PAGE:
Go to Day Book Home and pointer to previous weeks
Go to Dwayne's Home Page

Wednesday December 15, 2010

Google is changing its voice recognition software to allow for learning to recognize a particular person. There is not formal training, e.g., repeat the following statement three times, but the software keeps some of the things you say to learn.

Here's a really good (really bad) data spill. A Colorado Sheriff had a leak of informants' names. The informants are no prime targets. Is everyone ready for national electronic health records?

Here is a device that connects to an iPad and allows for camera and memory card connections. Nice. By the way, I have the official Apple camera connector device, it works great.

Hitachi ships three, 3TeraByte disk drives.

The U.S. Army is giving smartphones to soldiers. Of course, why not give a soldier a radio and a computer? Why did it take this long?

Broadcom has its own dual-core chip for use in cell phones.

Only a matter of time, but someone has Ubuntu running on the Google CR-48 along with Chrome OS.

The U.S. Sixth Circuit Court of Appeals rules that the Fourth Amendment applies to email. This is the amendment about search and seizure. The government must obtain a court order before getting your email from your ISP. I wish the government will not appeal this to a higher court, but who knows. And I thought that all this evil government stuff left town with Bush and Cheney.

And yes this is about to arrive, a device that receives WiMax and then serves as a WiFi router. Wonderful.

Let the screaming begin, an insider claims that the FBI has keys to back doors into OpenBSD security.

Sprint's 4G (WiMax) is much faster than its 3G - so says this test in New York city.

Nokia will layoff 800 people in Finland.

Email me at d.phillips@computer.org
Go to Day Book Home and pointer to previous weeks
Go to Dwayne's Home Page

Thursday December 16, 2010

Flipboard - the iPad app of the year 2010 - gets a major upgrade today.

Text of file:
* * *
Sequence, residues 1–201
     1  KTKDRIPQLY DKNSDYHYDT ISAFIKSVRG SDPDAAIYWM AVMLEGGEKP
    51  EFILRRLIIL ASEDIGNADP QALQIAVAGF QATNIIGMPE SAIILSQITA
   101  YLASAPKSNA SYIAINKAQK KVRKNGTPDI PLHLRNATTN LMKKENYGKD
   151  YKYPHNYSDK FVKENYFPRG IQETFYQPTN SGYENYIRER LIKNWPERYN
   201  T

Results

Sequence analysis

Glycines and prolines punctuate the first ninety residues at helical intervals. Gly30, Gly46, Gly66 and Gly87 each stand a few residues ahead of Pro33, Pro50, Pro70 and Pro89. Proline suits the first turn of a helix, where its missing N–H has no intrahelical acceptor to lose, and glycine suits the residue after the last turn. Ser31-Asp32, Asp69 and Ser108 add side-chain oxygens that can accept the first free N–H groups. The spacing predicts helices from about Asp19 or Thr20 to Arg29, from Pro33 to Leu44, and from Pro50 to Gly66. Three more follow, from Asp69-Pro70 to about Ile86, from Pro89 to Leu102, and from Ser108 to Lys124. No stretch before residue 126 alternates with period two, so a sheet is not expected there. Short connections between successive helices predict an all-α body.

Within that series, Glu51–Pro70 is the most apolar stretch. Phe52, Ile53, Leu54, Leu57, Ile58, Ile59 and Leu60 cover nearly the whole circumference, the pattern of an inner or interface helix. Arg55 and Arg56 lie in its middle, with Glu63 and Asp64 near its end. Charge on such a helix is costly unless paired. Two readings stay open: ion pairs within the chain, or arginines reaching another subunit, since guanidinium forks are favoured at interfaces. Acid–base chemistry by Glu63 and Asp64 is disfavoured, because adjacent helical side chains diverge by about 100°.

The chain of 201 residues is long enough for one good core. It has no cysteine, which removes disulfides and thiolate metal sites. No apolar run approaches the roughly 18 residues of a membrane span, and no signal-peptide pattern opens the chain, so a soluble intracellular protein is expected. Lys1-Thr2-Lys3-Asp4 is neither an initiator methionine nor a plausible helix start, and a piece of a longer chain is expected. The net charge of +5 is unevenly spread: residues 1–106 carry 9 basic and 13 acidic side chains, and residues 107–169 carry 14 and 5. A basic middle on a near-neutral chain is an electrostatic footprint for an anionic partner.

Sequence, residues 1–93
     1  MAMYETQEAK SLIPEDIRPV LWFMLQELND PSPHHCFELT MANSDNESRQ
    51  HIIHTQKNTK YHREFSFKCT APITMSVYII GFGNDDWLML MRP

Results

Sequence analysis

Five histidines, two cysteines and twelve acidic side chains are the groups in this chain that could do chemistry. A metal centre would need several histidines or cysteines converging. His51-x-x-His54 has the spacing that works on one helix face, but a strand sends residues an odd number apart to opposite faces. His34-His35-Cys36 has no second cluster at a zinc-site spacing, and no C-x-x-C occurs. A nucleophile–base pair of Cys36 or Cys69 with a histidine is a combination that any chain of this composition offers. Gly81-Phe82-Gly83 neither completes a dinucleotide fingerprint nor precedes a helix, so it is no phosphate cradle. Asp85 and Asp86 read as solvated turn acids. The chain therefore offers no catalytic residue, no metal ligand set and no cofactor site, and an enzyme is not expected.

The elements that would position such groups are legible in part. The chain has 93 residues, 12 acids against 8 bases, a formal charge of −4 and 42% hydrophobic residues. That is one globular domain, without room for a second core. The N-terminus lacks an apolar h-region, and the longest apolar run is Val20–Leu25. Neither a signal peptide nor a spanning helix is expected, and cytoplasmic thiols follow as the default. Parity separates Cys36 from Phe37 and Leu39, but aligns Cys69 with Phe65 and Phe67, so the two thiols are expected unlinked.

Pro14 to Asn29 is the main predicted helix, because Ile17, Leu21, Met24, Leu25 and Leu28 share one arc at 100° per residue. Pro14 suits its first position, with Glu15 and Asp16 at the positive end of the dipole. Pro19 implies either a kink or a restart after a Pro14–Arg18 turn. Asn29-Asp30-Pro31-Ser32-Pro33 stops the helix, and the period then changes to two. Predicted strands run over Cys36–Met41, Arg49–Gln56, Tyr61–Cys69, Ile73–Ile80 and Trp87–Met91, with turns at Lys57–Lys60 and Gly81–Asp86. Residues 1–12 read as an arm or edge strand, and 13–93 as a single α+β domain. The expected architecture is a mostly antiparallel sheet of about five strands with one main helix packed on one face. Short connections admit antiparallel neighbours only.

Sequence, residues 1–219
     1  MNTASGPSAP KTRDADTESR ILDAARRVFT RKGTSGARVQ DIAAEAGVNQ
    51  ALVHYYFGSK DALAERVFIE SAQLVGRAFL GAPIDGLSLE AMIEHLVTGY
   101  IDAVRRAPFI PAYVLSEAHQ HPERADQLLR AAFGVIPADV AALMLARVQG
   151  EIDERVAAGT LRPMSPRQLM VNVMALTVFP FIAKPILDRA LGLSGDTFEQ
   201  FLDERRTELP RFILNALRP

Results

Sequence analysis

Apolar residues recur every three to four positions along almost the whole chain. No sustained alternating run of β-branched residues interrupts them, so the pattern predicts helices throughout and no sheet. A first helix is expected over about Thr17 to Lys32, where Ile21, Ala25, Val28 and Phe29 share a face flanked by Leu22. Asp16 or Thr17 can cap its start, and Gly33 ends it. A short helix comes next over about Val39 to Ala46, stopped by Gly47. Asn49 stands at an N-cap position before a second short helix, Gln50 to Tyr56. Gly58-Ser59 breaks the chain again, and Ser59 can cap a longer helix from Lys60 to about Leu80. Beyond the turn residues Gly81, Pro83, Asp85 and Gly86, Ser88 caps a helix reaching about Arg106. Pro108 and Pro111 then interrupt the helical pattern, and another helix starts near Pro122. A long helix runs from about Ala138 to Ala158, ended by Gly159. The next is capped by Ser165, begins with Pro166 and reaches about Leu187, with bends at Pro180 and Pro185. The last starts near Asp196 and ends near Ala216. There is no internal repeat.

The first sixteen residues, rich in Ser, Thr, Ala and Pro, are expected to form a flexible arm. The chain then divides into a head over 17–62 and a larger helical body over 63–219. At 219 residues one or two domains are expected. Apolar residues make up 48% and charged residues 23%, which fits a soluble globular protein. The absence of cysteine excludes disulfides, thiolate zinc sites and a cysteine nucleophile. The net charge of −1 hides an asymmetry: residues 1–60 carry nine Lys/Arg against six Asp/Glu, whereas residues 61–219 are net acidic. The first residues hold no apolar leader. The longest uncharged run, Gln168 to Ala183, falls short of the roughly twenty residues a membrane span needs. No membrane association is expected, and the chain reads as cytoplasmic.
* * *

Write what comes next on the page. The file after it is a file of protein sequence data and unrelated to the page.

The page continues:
Even Facebook is using facial recognition technology now. That was science fiction when I was studying it in the 1980s.

2010 - the year in robots - neat video.

The stuxnet virus supposedly set back the Iranian nuclear program two years. Nice job somebody out there.

Twitter gets lots more money to keep expanding. I would have thought that Twitter didn't need any more money, perhaps they are not yet profitable.

Cubicles are shrinking in the office. I once sat in a cubicle in the 1990s. I had 15 square feet of space. I have worked in even smaller environments. Such is life in some government agencies.

Apple to upgrade all the MacBook Pros in 2011 - as well as bringing the iPad 2. Some estimate Apple to sell 6 million new iPads every month. That is a lot of anything. And Apple will lower the prices on the desktop iMac.

Not everyone likes the idea behind Google's Chrome OS. What is the difference between it and Android? And the Richard Stallman doesn't like the idea of giving away your privacy to cloud computing. I have to second Stallman's reservations.

Oracle announces its own on-line office suite - Cloud Office. This will compete with Google Docs and Microsoft.

Another report on the Millenials - age 18-33.

Microsoft announces a number of improvements to Bing. I like using Bing.

A Federal court says that you have to have a warrant to obtain cell site tracking information. This falls under the fourth amendment. This is the second Federal court ruling this week that limits the wishes of the current administration. I know I keep writing this, but I thought all those evil government guys left town with Bush and Cheney. You mean some of them are in the Obama administration?

Email me at d.phillips@computer.org
Go to Day Book Home and pointer to previous weeks
Go to Dwayne's Home Page

Friday December 17, 2010

Top of the list for today - this isn't a real product yet, but the idea is intriguing. Put tiny electronics onto the spinal column. Sense pain signals in the spine and send other signals to relieve the pain.

This app is a little goofy, but is an outstanding combination of several advanced technology. Word Lens transaltes English-Spanish-and-back and shows the result on the image in the same place. See the photo in the link. This is outstanding.